Vet checks vital before traveling with animals

The news that cases of vesicular stomatitis have been confirmed in Colorado might make some livestock owners nervous, but Tyler Karney, of Ordway Feedyard, said it's mostly business as usual.

"If we're taking horses anywhere, we'll just have a vet come and do a health inspection on the animal," Karney told the La Junta Tribune-Democrat.

"Then we don't let new horses into the yard unless they have health papers and they've been checked by a vet."

Sometimes the guys at Ordway Feeders like to take their horses to ranch rodeos and like events, Karney said. Whenever they are planning to travel with their horses, they have to have inspections done and get temporary paperwork that clears their livestock for travel.

"(The veterinarian) does a visual inspection, and then every six months they take a blood test," he said.

"It's good for six months, they draw blood and send it to the lab and make sure that they are negative. It's normal protocol to do that.”

Karney said that when procedures aren’t properly followed, outbreaks are more likely to occur.

The protocol is similar to another measure livestock owners take to prevent Equine Infectious Anemia, called the Coggins Test.

Coggins Test results are also only viable for six months, Karney explained. Assuming test results are negative, the livestock owner will receive a card that verifies the animal is healthy and free of EIA.

"That's when you're traveling, you have to have a negative Coggins and health papers. The health papers are only good for a week and your Coggins is good for six months," said Karney.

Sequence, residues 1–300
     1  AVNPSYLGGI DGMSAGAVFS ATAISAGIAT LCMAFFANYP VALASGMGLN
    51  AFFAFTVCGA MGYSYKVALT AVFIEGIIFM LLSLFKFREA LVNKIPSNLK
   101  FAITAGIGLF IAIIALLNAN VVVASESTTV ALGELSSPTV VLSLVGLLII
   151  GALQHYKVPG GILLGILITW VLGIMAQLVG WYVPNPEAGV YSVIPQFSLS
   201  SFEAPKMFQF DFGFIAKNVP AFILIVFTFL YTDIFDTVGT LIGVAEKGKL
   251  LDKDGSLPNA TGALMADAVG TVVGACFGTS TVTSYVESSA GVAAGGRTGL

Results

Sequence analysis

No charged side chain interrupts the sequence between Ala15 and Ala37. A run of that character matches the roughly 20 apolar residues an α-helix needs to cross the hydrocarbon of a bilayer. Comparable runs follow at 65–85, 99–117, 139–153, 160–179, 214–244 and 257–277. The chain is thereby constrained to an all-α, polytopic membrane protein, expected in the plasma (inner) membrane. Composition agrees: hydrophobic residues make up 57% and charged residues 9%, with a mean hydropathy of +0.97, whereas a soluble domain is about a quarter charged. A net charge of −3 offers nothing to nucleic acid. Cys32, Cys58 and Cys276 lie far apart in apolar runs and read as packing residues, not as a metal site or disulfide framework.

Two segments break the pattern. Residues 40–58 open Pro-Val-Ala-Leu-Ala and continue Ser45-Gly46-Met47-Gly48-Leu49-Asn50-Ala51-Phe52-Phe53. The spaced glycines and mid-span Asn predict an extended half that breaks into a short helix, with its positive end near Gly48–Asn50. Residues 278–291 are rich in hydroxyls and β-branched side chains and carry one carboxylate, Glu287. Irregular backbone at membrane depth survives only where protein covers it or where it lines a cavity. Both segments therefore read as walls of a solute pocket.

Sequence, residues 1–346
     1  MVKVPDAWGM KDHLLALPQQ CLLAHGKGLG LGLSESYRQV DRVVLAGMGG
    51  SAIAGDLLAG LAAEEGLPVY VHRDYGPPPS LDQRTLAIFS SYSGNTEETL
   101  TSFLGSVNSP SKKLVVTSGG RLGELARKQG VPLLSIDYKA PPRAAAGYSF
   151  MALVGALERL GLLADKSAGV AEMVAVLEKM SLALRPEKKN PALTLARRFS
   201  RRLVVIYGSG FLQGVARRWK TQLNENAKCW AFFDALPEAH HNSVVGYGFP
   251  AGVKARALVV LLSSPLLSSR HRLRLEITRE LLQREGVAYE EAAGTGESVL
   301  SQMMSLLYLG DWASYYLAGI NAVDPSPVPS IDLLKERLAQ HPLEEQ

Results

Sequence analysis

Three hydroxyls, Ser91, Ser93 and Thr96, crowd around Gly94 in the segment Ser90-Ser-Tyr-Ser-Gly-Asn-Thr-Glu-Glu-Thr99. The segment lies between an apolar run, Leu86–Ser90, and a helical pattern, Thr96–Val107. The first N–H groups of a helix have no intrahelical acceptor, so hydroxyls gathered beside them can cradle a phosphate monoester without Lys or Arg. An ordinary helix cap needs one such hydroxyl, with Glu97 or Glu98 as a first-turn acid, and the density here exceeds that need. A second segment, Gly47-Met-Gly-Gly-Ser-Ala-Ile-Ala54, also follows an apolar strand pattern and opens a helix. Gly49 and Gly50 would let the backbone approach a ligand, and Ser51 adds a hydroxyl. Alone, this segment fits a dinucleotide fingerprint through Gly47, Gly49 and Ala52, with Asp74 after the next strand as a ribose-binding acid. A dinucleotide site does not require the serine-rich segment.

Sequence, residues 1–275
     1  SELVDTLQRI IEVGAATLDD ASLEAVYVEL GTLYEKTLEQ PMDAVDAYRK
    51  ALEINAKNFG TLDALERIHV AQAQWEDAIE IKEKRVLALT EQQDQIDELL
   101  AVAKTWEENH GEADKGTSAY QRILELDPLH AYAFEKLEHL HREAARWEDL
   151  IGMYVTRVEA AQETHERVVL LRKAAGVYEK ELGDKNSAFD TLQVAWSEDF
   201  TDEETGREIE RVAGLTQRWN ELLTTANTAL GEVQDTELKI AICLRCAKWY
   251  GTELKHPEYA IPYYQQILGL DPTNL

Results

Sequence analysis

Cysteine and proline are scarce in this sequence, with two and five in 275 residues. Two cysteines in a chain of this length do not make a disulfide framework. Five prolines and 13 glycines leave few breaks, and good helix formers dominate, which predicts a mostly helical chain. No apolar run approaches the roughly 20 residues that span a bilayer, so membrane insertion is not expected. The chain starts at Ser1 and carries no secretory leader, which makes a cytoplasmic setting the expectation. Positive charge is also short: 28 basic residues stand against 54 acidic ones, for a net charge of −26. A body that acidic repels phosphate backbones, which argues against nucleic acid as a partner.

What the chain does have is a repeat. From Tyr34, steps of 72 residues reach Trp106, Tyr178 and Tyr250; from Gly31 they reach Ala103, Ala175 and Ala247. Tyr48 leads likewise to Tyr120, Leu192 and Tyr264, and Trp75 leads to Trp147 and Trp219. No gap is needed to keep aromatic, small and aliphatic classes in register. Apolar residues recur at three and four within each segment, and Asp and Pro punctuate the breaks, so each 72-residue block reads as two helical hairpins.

Bruce Fickenscher, of the Rocky Ford CSU Extension office, told the Ag Journal that mitigating contact between livestock and VSV comes down to what he calls biosecurity.

"It essentially boils down to not letting your animals share equipment with other animals," said Fickenscher.

Especially as fair season approaches, ranchers and livestock owners should be proactive about getting their animals medical inspections.

"They just need to call the vet and they can come out and do a health certificate-type deal," Fickenscher said. "I think most of the bigger shows require a health certificate anyway. At the Arkansas Valley Fair, we don't require a health certificate. It goes back to biosecurity."

As of July 12, there were 26 confirmed cases of VSV in Colorado, in Weld, Larimer and La Plata counties, according to the Colorado Department of Agriculture.

A total of 16 premises across those counties have been confirmed for VSV. Twelve cases have been reported in New Mexico in four counties, and Texas is dealing with nine cases across five counties.

Vesicular stomatitis is a viral disease that primarily affects horses and cattle, and occasionally swine, sheep, goats, llamas and alpacas. The transmission process of VSV is not completely understood, but includes insect vectors, such as black flies, sand flies, and biting midges.

The incubation period ranges from 2-8 days. Clinical signs include vesicles, erosions and sloughing of the skin on the muzzle, tongue, ears, teats and coronary bands.

Often, excessive salivation is the first sign of disease, along with a reluctance to eat or drink. Lameness and weight loss may follow.

Humans may become infected when handling affected animals, but this is a rare event. To avoid human exposure, individuals should use personal protective measures when handling affected animals.

There is no vaccination for VSV; the best prevention is strict fly control.

cburney@ljtdmail.com